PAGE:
[R] pairwise difference operator
ggrothendieck at myway.com
Mon Aug 2 20:34:24 CEST 2004
Gabor Grothendieck <ggrothendieck <at> myway.com> writes:
: Adaikalavan Ramasamy <ramasamy <at> cancer.org.uk> writes:
: : Thank you to Marc Schwartz and Gabor Grothendieck for their responses.
: : Both solutions are useful.
: : It would be nice to generalise this problem to situations where other
: : operations besides difference. Maybe a new member of apply family -
: : pwapply for pairwise apply ?
: : Of course the output would be different if the results of an operation
: : on two columns produce a vector (like pairwise difference here) or a
: : single value (like in correlation or pairwise t-test) and one need to
: : somehow account for this.
: Since the general case would involve columns or array slices between
: two not necessarily identical arrays I think the general case is really
: just a sort of generalized inner product.
: In the case that the generalized difference is a scalar its usually called
: a product and the Euclidean inner product is the most common and takes
: the form of matrix multiplication which can be done in the one of
: the following ways:
: res1 <- t(mat) %*% mat
: res2 <- crossprod(mat, mat)
: res3 <- crossprod(mat)
: A generalized inner product, f, replacing the Euclidean one can be
: obtained using a double apply like this:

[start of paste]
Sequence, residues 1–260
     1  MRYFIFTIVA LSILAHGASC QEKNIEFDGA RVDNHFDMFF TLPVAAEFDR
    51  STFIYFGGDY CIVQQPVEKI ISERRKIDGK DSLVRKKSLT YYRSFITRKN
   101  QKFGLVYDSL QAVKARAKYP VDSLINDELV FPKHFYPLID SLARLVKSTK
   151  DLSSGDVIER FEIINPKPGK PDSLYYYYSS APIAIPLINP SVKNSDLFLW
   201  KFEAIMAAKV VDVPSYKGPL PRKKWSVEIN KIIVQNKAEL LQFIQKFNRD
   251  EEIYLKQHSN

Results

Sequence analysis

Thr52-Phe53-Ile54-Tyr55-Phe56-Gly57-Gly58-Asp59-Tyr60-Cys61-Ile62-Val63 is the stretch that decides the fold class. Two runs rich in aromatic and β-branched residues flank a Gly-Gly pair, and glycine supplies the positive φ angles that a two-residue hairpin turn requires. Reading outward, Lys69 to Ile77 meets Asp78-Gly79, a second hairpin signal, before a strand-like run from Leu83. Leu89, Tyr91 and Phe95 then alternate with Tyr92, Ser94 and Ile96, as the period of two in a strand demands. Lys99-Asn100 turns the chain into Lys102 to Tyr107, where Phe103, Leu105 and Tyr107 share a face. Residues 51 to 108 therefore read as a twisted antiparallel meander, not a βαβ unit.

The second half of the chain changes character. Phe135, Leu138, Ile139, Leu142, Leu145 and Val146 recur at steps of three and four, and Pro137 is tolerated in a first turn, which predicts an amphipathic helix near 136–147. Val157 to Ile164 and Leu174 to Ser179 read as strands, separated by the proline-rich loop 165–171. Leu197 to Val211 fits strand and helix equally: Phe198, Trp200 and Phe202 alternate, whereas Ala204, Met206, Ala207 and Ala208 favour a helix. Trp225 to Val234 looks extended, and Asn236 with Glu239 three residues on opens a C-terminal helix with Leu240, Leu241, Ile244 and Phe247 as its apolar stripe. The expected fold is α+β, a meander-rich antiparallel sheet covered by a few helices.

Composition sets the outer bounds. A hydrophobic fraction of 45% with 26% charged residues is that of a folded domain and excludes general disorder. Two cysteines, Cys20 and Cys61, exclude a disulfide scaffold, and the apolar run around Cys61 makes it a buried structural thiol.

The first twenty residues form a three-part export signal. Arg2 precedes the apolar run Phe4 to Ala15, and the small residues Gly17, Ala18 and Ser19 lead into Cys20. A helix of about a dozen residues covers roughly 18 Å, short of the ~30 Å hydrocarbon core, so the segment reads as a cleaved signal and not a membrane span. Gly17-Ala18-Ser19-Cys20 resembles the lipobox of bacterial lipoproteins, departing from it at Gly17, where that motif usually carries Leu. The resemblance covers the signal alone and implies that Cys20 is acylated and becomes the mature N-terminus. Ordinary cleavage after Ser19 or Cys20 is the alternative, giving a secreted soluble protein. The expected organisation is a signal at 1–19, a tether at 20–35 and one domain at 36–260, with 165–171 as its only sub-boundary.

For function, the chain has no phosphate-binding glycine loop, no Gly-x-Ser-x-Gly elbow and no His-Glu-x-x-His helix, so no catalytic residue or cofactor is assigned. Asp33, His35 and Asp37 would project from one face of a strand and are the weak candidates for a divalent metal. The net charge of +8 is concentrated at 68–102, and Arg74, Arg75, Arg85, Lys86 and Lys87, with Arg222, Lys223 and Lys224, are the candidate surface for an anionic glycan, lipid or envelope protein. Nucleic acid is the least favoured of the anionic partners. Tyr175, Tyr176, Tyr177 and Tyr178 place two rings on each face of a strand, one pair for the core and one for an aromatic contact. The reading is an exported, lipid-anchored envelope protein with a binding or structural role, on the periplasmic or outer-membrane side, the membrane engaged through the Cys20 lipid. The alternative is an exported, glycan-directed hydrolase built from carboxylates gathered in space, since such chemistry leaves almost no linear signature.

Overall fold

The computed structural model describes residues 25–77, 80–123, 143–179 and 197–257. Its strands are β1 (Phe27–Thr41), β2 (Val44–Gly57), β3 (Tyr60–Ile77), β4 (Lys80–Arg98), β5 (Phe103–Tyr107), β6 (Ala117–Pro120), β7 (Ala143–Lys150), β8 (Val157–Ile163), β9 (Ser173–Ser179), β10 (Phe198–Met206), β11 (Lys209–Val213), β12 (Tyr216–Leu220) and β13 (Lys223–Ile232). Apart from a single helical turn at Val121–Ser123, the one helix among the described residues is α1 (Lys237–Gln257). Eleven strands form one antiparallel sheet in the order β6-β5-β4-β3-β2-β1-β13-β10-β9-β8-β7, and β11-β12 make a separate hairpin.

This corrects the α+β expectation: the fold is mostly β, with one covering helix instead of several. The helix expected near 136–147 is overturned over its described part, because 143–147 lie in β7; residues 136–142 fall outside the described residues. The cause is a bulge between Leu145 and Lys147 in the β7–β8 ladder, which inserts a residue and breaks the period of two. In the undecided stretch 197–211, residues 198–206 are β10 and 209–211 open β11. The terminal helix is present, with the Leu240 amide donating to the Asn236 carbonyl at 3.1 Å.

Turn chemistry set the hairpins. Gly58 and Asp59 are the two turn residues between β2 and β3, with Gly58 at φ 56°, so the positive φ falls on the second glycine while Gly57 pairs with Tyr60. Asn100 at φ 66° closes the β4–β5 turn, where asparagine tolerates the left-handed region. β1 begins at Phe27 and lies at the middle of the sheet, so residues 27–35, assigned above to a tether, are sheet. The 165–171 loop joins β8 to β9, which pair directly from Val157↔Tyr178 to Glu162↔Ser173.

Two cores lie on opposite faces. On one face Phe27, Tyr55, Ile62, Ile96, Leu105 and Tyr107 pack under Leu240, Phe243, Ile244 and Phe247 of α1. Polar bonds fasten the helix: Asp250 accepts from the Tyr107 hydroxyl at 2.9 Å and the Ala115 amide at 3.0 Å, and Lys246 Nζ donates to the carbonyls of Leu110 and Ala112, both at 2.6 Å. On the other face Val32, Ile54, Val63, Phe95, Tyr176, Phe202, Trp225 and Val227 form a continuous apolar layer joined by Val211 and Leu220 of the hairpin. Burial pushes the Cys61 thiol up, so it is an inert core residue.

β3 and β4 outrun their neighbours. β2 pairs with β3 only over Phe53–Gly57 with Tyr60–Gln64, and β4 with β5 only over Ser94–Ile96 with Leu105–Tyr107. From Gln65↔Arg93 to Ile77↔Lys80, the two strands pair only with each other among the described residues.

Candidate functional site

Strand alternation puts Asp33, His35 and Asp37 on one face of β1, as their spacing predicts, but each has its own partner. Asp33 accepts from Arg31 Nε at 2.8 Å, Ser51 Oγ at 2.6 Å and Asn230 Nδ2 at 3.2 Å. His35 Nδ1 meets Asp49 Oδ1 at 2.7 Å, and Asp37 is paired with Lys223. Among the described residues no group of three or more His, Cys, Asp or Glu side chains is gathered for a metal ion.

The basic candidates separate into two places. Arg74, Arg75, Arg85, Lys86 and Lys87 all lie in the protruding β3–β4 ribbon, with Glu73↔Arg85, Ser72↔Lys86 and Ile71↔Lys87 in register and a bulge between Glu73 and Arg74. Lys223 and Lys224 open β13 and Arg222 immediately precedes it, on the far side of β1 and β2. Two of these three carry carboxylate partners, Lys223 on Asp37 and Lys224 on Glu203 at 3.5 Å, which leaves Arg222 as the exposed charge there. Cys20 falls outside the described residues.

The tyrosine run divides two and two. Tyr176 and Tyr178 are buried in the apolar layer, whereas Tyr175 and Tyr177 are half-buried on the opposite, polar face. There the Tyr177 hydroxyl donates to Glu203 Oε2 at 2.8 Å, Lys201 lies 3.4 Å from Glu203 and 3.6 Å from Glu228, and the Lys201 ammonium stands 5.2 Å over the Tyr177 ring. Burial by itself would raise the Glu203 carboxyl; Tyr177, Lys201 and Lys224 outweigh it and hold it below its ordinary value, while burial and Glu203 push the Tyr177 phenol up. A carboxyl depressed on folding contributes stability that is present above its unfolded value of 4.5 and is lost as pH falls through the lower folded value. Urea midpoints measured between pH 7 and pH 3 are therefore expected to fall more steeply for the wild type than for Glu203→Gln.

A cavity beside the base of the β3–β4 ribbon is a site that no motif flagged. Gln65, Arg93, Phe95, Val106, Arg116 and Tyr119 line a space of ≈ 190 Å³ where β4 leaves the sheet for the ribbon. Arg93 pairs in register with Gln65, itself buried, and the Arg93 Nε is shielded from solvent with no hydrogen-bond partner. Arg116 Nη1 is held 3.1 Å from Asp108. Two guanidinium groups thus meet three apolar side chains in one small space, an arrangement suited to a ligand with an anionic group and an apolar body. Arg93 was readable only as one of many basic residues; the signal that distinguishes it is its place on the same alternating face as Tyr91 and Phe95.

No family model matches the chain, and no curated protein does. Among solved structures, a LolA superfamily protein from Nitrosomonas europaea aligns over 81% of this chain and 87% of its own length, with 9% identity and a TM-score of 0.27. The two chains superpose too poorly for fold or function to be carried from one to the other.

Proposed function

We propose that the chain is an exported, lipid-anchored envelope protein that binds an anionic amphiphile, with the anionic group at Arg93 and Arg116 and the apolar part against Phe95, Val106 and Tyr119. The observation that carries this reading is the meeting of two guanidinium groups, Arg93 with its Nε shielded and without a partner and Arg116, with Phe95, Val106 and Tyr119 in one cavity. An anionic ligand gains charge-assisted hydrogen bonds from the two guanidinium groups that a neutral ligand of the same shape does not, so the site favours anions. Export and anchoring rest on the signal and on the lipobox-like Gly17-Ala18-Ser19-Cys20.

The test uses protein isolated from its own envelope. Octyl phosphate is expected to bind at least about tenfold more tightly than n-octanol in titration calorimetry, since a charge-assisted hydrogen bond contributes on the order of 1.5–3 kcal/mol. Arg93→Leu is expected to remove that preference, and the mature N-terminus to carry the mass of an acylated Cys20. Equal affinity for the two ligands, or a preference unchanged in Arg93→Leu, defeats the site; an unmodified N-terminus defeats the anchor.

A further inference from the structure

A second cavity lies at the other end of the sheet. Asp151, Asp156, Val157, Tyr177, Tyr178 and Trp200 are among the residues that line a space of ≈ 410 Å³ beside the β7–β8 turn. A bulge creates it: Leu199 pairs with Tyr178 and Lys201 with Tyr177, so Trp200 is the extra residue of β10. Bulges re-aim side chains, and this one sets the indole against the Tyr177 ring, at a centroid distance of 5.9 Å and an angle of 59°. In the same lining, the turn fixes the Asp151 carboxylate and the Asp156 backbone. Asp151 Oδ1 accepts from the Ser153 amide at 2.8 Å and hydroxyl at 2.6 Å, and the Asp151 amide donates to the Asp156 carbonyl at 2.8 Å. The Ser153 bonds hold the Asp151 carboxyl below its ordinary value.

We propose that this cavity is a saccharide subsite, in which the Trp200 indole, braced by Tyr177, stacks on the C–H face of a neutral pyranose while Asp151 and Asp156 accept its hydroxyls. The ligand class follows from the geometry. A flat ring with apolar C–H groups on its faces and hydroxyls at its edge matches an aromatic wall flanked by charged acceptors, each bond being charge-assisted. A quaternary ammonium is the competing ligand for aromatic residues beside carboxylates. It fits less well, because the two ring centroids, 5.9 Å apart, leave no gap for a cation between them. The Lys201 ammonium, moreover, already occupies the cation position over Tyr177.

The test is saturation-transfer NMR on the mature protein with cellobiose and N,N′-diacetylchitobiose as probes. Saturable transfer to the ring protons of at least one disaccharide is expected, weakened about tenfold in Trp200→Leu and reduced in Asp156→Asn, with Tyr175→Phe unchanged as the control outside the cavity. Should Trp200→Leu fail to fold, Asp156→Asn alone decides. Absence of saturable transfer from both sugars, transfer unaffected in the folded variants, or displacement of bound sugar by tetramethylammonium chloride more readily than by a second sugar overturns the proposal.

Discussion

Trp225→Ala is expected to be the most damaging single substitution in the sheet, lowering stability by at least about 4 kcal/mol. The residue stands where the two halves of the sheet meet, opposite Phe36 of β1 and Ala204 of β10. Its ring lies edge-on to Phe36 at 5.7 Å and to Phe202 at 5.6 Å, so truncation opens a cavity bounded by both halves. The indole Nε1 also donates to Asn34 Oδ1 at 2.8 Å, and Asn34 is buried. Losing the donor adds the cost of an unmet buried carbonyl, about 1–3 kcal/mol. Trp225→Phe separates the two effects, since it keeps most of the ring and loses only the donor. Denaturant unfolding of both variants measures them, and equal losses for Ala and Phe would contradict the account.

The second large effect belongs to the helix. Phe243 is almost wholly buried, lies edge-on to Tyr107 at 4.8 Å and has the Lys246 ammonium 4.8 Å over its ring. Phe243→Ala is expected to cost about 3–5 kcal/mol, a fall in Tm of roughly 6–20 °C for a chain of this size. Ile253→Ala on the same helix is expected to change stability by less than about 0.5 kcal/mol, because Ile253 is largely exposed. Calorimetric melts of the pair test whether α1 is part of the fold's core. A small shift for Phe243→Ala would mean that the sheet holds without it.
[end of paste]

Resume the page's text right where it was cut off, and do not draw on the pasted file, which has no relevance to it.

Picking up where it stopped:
: res4 <- apply(mat, 2, function(a) apply(mat, 2, function(b) sum(a*b)))
: where sum(a*b) can be replaced by f(a,b) for a general inner product
: function. This actually works even if f returns a vector or other
: array; however, you may need to reshape the result in that case.
: In the above cases the two matrices were the same but, as mentioned,
: they need not be and you can't count on symmetry between f(a,b) and
: f(b,a). If your two matrices are the saame and you can count on
: symmetry then you may want only the lower triangular part and in
: that case you can use lower.tri like this:
In rereading what I had written it occurred to me that you
also may be interested in ?dist and the references therein
for a number of special cases and for converting matrices to
dist objects. Also see ?var
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